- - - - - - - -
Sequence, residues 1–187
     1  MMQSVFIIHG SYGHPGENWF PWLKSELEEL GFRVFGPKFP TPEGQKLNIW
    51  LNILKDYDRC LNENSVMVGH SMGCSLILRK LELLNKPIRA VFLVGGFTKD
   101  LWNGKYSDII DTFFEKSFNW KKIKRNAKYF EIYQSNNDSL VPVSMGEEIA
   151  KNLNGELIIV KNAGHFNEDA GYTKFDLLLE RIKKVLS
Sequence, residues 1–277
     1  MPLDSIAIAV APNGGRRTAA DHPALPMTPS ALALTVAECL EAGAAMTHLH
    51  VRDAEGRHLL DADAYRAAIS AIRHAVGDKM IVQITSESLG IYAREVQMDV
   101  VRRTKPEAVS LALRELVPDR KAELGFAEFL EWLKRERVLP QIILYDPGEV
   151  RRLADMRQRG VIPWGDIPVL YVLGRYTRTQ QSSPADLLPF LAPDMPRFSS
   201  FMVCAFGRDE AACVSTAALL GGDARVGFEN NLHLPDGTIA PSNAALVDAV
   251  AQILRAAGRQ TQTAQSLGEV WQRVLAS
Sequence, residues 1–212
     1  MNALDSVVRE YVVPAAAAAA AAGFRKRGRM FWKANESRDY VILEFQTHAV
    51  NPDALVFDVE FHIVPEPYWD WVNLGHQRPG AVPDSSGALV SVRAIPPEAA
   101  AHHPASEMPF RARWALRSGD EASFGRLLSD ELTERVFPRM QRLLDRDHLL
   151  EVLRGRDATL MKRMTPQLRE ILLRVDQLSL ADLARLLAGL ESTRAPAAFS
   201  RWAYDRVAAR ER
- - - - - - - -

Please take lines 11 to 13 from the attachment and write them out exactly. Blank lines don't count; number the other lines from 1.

   201  FMVCAFGRDE AACVSTAALL GGDARVGFEN NLHLPDGTIA PSNAALVDAV
   251  AQILRAAGRQ TQTAQSLGEV WQRVLAS
Sequence, residues 1–212